Simply blue

In the future, a new material concept could make blue organic light-emitting diodes possible that consist of only one layer and are thus easier to manufacture.
(c) Max-Planck-Institut für Polymerforschung

New material concept allows more cost-effective production of blue organic light-emitting diodes.

Blue organic light-emitting diodes (OLEDs), which can be used in smartphones, televisions or other devices, are still difficult to manufacture today. A team of researchers led by Gert-Jan Wetzelaer of the Max Planck Institute for Polymer Research has now developed a new material concept that allows blue OLEDs to be manufactured easily and cost-effectively. The efficiency of the developed light-emitting diode is already comparable to commercially available ones that employ a far more complex structure.

Red, green and blue: the three primary colors are used in all kinds of modern displays to show colored images. In current screens that use organic light-emitting diodes (OLEDs), one pixel consists of three individual, microscopic OLEDs. An entire television screen with approximately 2 million individual pixels thus consists of 6 million light-emitting diodes.

Therefore, ease of manufacture as well as high energy efficiency is of high importance for both manufacturing costs and subsequent electricity costs.
So far, the production of blue organic light-emitting diodes has been a challenge. To obtain a high efficiency , modern organic light-emitting diodes use a multilayer material system. This sandwich structure, sometimes comprising up to seven layers, allows efficiencies of light emitted to the outside between 20% and 30% to be achieved.

Researchers led by Gert-Jan Wetzelaer, group leader in Paul Blom’s department at the MPI for Polymer Research, have now developed a much simpler OLED structure. They were able to show that instead of seven layers only a single active layer, which is responsible for light emission, between two contacts is already sufficient to obtain an efficient organic light-emitting diode. A key ingredient of the material used in this single layer is the prevention of detrimental effect by defects as water and oxygen.

“With our material system, efficient blue OLEDs could also be produced from solution in the future,” says Gert-Jan Wetzelaer. “This means that manufacturing then no longer involves a multi-step process and complex evaporation equipment, but such OLEDs can also be printed in the best-case scenario.”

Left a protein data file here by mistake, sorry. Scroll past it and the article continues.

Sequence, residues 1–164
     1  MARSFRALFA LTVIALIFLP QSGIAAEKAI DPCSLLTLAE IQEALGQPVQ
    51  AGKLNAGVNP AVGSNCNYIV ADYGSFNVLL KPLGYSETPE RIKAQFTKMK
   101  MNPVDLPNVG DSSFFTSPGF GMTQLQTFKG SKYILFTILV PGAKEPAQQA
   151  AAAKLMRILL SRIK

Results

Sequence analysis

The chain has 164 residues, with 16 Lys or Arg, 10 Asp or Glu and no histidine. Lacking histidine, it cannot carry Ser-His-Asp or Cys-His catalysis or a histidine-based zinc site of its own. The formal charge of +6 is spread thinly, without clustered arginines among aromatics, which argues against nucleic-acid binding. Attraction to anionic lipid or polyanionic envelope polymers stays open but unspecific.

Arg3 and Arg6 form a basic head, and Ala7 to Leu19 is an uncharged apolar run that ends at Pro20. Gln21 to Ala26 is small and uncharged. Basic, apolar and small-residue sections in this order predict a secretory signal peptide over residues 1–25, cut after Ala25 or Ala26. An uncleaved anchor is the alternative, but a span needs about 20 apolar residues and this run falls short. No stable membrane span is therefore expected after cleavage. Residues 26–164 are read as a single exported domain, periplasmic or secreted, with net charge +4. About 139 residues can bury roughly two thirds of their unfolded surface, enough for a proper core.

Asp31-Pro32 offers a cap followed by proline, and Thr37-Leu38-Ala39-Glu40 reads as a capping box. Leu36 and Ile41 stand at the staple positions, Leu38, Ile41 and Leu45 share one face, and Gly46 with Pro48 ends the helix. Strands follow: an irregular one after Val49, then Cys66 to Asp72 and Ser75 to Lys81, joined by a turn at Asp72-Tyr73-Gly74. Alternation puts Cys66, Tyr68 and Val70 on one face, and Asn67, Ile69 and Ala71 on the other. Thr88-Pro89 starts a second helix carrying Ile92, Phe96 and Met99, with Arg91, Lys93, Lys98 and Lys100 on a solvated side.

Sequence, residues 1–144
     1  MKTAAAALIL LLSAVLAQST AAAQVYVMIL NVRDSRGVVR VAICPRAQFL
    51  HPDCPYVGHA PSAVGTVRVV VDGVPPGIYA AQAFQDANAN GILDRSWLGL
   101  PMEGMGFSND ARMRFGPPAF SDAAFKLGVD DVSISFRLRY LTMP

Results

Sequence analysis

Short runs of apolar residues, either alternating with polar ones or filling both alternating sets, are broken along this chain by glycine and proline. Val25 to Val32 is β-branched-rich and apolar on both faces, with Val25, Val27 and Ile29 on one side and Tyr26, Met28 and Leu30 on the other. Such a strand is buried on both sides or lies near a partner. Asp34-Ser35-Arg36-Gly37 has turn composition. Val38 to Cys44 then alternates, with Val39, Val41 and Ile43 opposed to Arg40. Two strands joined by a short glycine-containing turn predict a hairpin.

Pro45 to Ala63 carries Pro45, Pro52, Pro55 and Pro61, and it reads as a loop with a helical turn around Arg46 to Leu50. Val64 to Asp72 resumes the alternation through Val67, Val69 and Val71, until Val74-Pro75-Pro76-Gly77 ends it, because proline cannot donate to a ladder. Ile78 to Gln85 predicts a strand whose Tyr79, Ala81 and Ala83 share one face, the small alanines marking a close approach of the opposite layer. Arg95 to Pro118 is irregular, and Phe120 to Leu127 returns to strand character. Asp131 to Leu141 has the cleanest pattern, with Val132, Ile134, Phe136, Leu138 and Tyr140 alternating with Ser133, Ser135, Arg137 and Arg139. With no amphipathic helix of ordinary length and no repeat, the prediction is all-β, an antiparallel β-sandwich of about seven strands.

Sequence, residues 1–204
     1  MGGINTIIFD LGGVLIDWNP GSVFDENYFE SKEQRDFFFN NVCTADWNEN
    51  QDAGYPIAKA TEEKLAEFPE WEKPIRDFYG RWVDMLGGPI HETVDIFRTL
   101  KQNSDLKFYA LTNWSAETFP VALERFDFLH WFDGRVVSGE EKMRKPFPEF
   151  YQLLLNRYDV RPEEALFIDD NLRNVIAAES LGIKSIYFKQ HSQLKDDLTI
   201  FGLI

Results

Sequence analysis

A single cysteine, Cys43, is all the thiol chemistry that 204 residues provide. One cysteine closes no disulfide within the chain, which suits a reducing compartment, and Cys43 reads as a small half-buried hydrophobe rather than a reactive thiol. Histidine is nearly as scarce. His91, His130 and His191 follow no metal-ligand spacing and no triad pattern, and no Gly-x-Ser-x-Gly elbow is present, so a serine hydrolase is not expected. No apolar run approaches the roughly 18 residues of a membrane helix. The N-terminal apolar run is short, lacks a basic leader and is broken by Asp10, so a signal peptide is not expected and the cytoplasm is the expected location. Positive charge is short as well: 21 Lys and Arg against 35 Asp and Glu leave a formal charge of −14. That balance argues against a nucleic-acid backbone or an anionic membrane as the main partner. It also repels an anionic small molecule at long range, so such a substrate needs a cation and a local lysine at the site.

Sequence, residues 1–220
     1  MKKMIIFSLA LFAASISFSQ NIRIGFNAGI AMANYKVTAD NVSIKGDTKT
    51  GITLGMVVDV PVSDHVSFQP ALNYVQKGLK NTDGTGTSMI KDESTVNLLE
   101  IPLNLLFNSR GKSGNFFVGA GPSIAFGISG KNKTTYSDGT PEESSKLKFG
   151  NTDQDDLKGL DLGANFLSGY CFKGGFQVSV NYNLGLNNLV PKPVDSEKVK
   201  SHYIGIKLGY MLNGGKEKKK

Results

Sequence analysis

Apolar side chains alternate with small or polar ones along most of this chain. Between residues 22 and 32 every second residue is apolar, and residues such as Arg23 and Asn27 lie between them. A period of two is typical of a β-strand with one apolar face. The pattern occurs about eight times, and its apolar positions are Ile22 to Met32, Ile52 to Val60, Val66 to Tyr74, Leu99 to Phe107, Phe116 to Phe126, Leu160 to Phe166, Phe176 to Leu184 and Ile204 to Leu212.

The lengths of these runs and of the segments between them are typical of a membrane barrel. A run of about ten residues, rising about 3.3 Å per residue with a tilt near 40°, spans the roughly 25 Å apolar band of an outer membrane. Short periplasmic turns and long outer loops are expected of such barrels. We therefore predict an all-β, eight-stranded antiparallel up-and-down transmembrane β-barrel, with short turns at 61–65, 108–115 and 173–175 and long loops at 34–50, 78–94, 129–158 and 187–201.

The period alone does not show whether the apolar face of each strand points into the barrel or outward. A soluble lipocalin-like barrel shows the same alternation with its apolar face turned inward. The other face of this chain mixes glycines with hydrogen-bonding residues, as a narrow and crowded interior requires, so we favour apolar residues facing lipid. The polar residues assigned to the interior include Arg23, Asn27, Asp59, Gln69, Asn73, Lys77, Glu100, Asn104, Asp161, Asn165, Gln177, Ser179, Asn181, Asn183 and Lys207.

With their new single layer OLED concept, they were able to achieve an internal quantum efficiency of 100% – meaning that the complete electrical energy supplied is converted into light. Due to optical losses at interfaces, which are present in every OLED, about 27% of the light is emitted to the outside – a value that is competitive with the existing complex commercial OLEDs.

The scientists have now published their results in the renowned journal “Advanced Materials”.

Wissenschaftliche Ansprechpartner:

Dr. Gert-Jan Wetzelaer


Sachnik, O.; Li, Y.; Tan, X.; Michels, J. J.; Blom, P.; Wetzelaer, G.-J.: Single-Layer Blue Organic Light-Emitting Diodes With Near-Unity Internal Quantum Efficiency. Advanced Materials 35 (26), 2300574 (2023)

Media Contact

Dr. Christian Schneider Presse- und Öffentlichkeitsarbeit
Max-Planck-Institut für Polymerforschung

All latest news from the category: Materials Sciences

Materials management deals with the research, development, manufacturing and processing of raw and industrial materials. Key aspects here are biological and medical issues, which play an increasingly important role in this field.

innovations-report offers in-depth articles related to the development and application of materials and the structure and properties of new materials.

Back to home

Comments (0)

Write a comment

Newest articles

Superradiant atoms could push the boundaries of how precisely time can be measured

Superradiant atoms can help us measure time more precisely than ever. In a new study, researchers from the University of Copenhagen present a new method for measuring the time interval,…

Ion thermoelectric conversion devices for near room temperature

The electrode sheet of the thermoelectric device consists of ionic hydrogel, which is sandwiched between the electrodes to form, and the Prussian blue on the electrode undergoes a redox reaction…

Zap Energy achieves 37-million-degree temperatures in a compact device

New publication reports record electron temperatures for a small-scale, sheared-flow-stabilized Z-pinch fusion device. In the nine decades since humans first produced fusion reactions, only a few fusion technologies have demonstrated…

Partners & Sponsors